It has become conventional wisdom amongst most economists that, whatever else the state does, it should provide effective institutions and processes to protect private property rights and enforce contracts, which are regarded as prerequisites to efficient and dynamic market economies.1 On this view of the rule of law, law plays a critical instrumental role in promoting economic development and should be accorded the highest developmental priority. In this chapter, we address the property rights protection pillar of this conventional wisdom (section 5.1), then we turn to the contract rights pillar (section 5.2). Going beyond contracts and property rights, we briefly review a wide range of other determinants of the vitality of the private sector in developing countries (section 5.3). Finally, we discuss the importance of an instrumental perspective on the rule of law to promote other goals, such as environmental protection (section 5.4).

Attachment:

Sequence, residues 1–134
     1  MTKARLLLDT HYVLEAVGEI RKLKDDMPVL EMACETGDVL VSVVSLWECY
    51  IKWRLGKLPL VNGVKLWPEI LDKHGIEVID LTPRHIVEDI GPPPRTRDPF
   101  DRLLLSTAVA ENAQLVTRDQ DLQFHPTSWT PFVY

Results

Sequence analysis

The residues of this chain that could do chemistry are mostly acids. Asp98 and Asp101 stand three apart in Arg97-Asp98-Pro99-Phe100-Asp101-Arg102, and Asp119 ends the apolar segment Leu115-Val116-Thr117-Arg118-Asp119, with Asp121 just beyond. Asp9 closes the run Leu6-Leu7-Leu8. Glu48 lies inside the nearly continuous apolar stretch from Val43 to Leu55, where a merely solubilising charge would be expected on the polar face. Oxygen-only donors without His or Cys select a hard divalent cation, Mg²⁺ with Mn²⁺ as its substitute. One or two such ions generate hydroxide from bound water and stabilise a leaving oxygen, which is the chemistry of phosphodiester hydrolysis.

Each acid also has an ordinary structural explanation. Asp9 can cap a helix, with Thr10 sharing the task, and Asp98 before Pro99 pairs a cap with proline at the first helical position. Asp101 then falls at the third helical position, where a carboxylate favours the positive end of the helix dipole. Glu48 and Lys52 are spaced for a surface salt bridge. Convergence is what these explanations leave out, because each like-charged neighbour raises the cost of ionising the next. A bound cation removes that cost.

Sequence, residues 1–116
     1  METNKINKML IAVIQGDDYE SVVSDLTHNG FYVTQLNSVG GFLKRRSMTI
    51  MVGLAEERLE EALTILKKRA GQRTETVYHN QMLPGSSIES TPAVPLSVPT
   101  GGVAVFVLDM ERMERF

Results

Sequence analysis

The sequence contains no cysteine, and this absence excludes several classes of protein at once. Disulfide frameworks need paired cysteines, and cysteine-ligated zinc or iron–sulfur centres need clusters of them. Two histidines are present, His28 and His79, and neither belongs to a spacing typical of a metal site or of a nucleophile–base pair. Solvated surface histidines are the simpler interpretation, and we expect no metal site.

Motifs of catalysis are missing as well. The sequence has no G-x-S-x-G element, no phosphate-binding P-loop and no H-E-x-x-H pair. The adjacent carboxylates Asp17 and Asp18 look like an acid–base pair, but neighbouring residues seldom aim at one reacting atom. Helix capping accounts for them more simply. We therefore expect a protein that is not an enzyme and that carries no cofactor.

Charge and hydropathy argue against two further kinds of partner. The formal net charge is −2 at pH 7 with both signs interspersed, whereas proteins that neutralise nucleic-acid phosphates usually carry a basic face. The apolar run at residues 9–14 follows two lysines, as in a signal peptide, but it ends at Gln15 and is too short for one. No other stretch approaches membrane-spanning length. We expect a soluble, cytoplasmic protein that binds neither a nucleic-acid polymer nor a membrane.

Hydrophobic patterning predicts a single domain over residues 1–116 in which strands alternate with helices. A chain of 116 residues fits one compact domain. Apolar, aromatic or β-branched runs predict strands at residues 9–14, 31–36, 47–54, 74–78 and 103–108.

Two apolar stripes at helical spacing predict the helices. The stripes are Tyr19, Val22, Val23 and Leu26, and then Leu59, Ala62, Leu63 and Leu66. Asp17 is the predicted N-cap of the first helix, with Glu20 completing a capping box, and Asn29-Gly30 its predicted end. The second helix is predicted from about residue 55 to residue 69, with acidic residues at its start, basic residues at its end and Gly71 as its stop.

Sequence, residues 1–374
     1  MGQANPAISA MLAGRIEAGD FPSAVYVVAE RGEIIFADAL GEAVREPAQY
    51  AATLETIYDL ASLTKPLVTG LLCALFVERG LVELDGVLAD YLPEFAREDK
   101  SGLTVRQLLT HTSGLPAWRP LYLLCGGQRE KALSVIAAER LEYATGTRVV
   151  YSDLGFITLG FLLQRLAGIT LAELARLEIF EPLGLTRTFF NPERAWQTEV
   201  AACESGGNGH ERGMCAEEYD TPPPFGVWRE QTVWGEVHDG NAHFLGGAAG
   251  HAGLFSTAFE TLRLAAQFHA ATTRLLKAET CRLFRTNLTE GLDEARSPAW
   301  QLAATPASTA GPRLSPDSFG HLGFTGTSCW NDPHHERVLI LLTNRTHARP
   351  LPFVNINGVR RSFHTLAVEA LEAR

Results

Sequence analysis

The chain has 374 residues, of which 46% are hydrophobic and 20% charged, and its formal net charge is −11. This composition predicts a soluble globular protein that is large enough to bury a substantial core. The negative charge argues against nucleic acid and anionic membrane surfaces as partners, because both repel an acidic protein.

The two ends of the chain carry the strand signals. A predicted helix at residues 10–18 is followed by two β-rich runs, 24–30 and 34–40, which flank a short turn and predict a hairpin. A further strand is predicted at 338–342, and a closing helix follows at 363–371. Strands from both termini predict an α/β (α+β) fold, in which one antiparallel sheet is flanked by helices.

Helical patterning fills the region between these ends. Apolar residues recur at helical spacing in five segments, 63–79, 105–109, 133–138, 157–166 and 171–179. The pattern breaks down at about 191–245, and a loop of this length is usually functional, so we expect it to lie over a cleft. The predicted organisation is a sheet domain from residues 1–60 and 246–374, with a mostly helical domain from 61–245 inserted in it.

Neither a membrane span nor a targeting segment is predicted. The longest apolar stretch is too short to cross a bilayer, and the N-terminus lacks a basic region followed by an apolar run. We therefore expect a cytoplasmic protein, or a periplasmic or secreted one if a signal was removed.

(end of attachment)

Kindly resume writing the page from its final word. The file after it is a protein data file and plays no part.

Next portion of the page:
Perhaps most reflective of the importance of property rights in contemporary thinking on economic development has been the success and influence of Hernando de Soto’s book, The Mystery of Capital: Why Capitalism Triumphs in the West and Fails Everywhere Else. He argues that strong protection for private property rights is the key factor in explaining the economic success of the developed world and the economic stagnation of many developing countries. On de Soto’s account, the potential benefits of formalization of property rights are substantial. De Soto claims that “the total value of the real estate held but not legally owned by the poor of the...
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